A Genealogist’s Ode to Librarians


A librarian friend of mine recently shared on Facebook this opinion piece about the inevitable future demise of brick and mortar libraries. Of course, my librarian friend and all her fellow library-loving friends (including myself) had lots to say about this piece. And while the article does make excellent points about the accessibility of handy online resources, every genealogist knows that online information still doesn’t even scratch the surface in genealogy research.

Genealogists need libraries. Besides the fact that there are still far too many old books and newspapers that are only available in local libraries, or maybe on microform, there is also a great deal of personal expertise that you can get in a brick and mortar library but not on the Internet.

Case in point: I was recently researching an African American man who lived (and maybe died) in Clarksdale, Coahoma County, Mississippi. After exhausting the resources available to me online and at the local Family History Library, I gave the local public library, called the Carnegie Public Library, a call. I was directed to their history specialist, and she held a wealth of knowledge about the town and community. She could tell me which cemetery an African American would most likely have been buried in at the beginning of the twentieth century, and the state of that cemetery today (not good, unfortunately). She could tell me about a dozen different funeral homes, and which ones were more likely to have served black families during the 1930s. She provided information about the community that I never would have found on Wikipedia or any other online source.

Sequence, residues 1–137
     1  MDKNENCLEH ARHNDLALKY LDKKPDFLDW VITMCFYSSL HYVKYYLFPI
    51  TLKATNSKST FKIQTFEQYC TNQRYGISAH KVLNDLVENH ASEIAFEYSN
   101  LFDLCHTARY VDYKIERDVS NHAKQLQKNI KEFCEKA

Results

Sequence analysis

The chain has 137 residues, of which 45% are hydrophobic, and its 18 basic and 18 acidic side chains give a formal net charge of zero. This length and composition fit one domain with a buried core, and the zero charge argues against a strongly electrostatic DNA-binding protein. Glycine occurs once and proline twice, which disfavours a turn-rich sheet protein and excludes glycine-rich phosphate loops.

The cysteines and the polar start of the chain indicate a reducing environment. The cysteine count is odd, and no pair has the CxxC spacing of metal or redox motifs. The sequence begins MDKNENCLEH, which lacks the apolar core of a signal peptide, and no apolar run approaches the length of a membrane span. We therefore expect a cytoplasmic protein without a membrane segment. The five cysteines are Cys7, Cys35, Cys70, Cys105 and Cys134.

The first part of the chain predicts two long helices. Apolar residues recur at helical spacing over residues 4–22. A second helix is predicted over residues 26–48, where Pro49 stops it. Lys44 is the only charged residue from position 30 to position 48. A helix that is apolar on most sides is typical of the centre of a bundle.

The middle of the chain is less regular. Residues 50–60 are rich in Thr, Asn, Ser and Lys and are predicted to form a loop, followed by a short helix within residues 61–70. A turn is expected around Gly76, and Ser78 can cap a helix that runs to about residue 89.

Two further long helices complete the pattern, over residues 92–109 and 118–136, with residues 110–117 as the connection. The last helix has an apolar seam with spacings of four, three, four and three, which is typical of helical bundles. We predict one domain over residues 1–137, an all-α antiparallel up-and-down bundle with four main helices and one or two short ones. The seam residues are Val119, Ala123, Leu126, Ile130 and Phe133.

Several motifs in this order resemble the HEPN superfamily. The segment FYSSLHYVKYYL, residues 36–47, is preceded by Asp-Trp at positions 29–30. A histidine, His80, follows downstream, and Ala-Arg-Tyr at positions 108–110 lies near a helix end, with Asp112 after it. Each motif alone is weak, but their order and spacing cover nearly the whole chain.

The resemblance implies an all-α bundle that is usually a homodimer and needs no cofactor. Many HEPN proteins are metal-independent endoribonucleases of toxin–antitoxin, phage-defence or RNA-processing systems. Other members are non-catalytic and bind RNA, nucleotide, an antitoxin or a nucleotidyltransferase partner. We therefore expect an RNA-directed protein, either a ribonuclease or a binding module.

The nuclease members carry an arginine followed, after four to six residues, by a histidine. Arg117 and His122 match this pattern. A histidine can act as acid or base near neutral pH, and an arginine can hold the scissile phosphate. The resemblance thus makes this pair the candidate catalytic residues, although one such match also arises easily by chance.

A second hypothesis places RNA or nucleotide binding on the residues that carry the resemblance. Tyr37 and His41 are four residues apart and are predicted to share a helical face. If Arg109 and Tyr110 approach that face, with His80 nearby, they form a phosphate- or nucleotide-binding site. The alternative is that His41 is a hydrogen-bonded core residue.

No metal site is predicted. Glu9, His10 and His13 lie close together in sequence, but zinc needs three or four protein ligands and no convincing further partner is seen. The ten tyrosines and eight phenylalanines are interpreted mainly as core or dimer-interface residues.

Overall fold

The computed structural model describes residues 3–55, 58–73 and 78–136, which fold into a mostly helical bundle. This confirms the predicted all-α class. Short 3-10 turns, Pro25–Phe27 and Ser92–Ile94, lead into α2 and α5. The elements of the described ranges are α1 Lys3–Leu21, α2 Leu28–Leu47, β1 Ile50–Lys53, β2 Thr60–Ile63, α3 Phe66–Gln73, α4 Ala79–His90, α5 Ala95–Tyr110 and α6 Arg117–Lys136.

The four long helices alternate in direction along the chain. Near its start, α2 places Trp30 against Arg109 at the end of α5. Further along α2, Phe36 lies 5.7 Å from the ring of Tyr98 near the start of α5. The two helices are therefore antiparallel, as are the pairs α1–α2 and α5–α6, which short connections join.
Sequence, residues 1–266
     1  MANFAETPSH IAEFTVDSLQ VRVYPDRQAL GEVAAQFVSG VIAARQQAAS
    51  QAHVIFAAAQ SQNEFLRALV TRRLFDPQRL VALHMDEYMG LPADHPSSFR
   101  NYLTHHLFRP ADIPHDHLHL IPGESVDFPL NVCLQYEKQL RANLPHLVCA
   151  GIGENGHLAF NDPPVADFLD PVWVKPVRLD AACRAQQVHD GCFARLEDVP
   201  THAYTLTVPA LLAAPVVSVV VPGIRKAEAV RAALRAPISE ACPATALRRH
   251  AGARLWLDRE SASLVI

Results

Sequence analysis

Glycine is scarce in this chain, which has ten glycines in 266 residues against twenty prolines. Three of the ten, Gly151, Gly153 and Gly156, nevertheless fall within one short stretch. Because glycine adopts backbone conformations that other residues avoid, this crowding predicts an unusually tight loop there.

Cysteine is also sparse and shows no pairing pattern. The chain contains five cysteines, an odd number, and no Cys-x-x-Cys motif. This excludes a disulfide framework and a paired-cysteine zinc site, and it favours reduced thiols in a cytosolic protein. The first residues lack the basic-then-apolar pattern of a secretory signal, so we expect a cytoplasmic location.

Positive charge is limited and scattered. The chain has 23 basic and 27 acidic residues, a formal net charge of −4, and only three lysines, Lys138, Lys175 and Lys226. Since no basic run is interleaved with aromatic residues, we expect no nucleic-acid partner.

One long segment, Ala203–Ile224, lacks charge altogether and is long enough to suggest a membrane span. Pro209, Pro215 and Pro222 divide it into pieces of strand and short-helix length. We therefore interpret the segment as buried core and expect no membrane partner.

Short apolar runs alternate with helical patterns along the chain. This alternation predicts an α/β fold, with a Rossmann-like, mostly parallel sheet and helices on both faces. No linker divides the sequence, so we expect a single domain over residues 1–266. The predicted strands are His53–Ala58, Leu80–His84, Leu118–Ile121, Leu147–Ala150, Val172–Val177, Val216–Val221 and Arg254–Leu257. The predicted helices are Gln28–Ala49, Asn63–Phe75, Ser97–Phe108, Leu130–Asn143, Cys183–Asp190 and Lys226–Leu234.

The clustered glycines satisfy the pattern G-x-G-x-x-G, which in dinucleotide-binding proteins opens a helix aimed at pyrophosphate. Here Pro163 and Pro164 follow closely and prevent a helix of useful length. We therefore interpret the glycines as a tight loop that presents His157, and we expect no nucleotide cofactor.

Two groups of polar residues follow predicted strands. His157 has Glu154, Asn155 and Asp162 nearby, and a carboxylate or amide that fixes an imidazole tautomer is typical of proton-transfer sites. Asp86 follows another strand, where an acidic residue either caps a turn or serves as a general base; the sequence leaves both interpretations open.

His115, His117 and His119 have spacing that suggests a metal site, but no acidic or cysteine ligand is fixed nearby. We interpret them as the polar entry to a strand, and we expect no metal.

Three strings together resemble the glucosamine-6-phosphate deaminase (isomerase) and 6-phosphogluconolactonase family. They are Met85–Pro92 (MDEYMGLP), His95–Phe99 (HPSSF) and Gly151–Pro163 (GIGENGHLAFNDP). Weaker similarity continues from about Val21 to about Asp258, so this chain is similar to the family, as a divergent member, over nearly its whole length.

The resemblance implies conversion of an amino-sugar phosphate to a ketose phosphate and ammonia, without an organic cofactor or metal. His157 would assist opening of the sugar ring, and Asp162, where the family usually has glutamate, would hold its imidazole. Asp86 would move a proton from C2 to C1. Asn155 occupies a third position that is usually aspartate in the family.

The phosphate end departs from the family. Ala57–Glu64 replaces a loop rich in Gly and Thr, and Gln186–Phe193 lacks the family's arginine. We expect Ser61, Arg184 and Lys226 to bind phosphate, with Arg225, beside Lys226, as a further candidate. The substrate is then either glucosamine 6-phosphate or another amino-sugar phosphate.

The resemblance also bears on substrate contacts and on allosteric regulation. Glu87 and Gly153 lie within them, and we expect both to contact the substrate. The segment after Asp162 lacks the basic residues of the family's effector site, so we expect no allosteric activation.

Librarians themselves provide a vast supply of knowledge that just isn’t available in books, digitized or not. Whether those librarians work for small libraries or large metropolitan ones, they are highly skilled in what they do, and they are almost always incredibly willing to help in genealogical research. Even in cases where the librarian may not know all sorts of information off the top of her head, she can almost always point you in the right directions for you to get the answers you need.

To say that libraries are dying just because ebooks and credible Internet sources are abounding is rather short-sighted. Libraries are a lot more than musty old buildings with books, and anybody interested in doing legitimate, in-depth research knows that.

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